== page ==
But what did Paul mean when he stated in Romans 1:16 that the gospel was the power of God “for the salvation of everyone who believes?” Perhaps an illustration will help us understand this more fully.

A number of years ago an evangelical attempt at piquing people’s curiosity, and thus enabling Christians to share the Gospel message with non-Christians, was developed by putting bumper stickers on cars which simply said: “I Found It!” When people saw this they were supposed to ask what it was that the driver “found.” In response to this some Jewish groups countered with their own bumper sticker which stated: “We Never Lost It!”

This is of course, the crux of the problem. Who is Jesus, and how is one “saved”? I believe that for many, if not most, Christians today the entire concept of our salvation has dulled. That is, it is almost as if we take this for granted. The urgency of our salvation and the unspeakable eternal consequences of being cut off from God are not spoken of very often, or are not understood very well.

In Romans 9:1-5 Paul eloquently writes of how the Jewish people were elected by God in the past, and yet the adoption, the covenants, the Law, the temple worship, and the promises were all to no avail – for they rejected their own Messiah.

Paul again urges that prayers be made for them (apparently unaware of any “two covenant” theory).

Brothers, my heart’s desire and prayer to God for the Israelites is that they may be saved. For I can testify about them that they are zealous for God, but their zeal is not based on knowledge. (Rom. 10:1- 2)

He concludes that although the Jewish people are cut off for now, that God still has plans for them. That is, that God has not totally rejected them and that they would yet receive Jesus (Romans 11).

A Concluding Biblical Rejoinder

As much as one might like to agree with those promulgating a theology of two covenants, it simply is not a biblical doctrine.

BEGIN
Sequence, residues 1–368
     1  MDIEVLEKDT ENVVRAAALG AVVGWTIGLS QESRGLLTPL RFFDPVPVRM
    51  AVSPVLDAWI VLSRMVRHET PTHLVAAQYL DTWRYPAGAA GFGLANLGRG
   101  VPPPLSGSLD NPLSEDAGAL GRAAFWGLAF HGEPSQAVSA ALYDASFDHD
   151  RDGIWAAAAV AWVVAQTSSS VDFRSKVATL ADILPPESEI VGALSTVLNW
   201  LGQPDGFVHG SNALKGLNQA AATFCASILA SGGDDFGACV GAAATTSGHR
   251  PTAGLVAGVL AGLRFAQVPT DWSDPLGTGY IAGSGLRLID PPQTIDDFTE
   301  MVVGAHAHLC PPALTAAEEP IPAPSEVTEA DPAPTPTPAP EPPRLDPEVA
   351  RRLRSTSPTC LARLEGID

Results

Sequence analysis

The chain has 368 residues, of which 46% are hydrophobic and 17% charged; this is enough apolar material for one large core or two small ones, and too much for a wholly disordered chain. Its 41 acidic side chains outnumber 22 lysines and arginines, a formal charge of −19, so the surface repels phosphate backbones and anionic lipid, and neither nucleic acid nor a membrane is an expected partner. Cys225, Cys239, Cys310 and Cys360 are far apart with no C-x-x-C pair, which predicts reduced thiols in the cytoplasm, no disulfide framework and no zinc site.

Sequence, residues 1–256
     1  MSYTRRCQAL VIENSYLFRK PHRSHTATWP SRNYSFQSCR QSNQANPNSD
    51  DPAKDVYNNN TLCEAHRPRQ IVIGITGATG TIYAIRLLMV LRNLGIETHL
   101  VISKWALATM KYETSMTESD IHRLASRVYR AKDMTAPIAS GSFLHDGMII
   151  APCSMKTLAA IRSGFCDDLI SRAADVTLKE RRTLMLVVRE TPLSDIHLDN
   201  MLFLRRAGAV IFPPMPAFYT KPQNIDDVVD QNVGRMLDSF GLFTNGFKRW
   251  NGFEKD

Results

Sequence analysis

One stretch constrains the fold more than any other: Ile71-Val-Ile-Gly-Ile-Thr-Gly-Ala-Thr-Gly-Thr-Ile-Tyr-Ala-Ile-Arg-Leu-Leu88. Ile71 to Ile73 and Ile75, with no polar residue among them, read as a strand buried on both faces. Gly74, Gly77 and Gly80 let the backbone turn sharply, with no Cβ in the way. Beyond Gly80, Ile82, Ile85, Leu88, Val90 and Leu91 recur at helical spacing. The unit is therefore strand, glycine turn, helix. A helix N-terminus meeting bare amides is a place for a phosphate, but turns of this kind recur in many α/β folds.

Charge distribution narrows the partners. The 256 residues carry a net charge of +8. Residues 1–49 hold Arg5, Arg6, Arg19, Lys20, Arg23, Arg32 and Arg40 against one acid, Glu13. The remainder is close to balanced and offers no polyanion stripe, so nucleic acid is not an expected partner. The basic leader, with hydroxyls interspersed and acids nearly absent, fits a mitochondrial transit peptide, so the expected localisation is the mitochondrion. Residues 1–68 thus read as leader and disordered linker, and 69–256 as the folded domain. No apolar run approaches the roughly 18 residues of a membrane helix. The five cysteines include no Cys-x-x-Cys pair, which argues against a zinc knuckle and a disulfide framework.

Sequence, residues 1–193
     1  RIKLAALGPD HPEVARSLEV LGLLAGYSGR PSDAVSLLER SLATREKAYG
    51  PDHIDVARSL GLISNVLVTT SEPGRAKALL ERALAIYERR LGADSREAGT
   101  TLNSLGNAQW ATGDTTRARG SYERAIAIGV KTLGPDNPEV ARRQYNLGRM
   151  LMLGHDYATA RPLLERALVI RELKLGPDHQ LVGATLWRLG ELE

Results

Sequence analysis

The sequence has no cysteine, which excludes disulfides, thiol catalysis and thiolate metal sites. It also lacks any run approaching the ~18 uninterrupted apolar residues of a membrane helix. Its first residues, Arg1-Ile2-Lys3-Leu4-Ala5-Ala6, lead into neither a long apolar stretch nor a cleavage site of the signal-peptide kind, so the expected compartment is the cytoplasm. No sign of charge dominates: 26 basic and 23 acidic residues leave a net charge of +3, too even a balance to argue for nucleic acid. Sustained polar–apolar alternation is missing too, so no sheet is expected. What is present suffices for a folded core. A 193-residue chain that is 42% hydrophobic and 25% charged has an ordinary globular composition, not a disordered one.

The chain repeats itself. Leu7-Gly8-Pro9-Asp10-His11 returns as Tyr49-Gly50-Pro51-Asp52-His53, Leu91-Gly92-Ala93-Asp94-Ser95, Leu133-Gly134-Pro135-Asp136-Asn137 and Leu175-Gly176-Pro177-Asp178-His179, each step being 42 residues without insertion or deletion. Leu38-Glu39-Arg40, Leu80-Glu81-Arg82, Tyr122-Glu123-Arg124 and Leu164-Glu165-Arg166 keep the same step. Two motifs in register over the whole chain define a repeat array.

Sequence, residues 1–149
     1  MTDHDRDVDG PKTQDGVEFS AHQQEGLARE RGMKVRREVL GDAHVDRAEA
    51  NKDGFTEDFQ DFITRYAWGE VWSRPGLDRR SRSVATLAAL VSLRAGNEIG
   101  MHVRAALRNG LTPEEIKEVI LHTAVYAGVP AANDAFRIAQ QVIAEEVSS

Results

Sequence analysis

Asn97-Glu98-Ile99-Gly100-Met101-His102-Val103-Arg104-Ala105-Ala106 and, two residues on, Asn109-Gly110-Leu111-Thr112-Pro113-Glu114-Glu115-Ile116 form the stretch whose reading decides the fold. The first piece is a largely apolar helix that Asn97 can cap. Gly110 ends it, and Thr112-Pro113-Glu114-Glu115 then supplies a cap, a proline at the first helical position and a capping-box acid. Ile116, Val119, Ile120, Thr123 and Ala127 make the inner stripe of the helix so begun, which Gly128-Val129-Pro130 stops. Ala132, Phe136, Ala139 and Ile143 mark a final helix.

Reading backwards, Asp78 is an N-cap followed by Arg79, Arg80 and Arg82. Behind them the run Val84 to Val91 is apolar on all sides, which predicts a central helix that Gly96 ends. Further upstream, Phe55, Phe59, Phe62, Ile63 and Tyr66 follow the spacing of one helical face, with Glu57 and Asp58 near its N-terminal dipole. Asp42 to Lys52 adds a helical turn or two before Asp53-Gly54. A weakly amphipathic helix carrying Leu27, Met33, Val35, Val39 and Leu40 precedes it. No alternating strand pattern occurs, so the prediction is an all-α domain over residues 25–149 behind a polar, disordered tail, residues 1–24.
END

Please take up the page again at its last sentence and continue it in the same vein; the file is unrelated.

Quite the contrary, it goes against everything that we find in the New Testament relating to missions. In fact this is the quintessential form of anti-Semitism, for in promoting this false doctrine the only way of salvation is closed to the Jewish person (Jn. 14:6; Acts 4:12). Nothing could be more dangerous, racist, or pernicious than this.

The Apostle Paul boldly affirmed: “For I am not ashamed of the Gospel of Jesus Christ, for it is the power of God to salvation for everyone who believes, for the Jew first and also for the Greek” (Rom.1:16).

We are not to be ashamed of sharing the good news of the gospel with anyone. And in that this good news came through the children of Abraham, Isaac, and Jacob, and in that “salvation is of the Jewish” (Jn.4:22), this message was “for the Jew first.”

It seems that this is completely forgotten today. This gospel of Jesus Christ was first and foremost to go to the Jews, and then to the Gentiles. Christians owe a great debt to the Jews, for our entire spiritual heritage is derived from them. Indeed, we have been grafted into the olive tree of Israel, not the reverse (Rom.11:11).

This Jesus is the stone that was rejected by you, the builders, which has become the cornerstone. And there is salvation in no one else, for there is no other name under heaven given among men by which we must be saved. Acts 4:11-12

Excerpted from The Two Covenant Theory by Dr. Joseph Gudel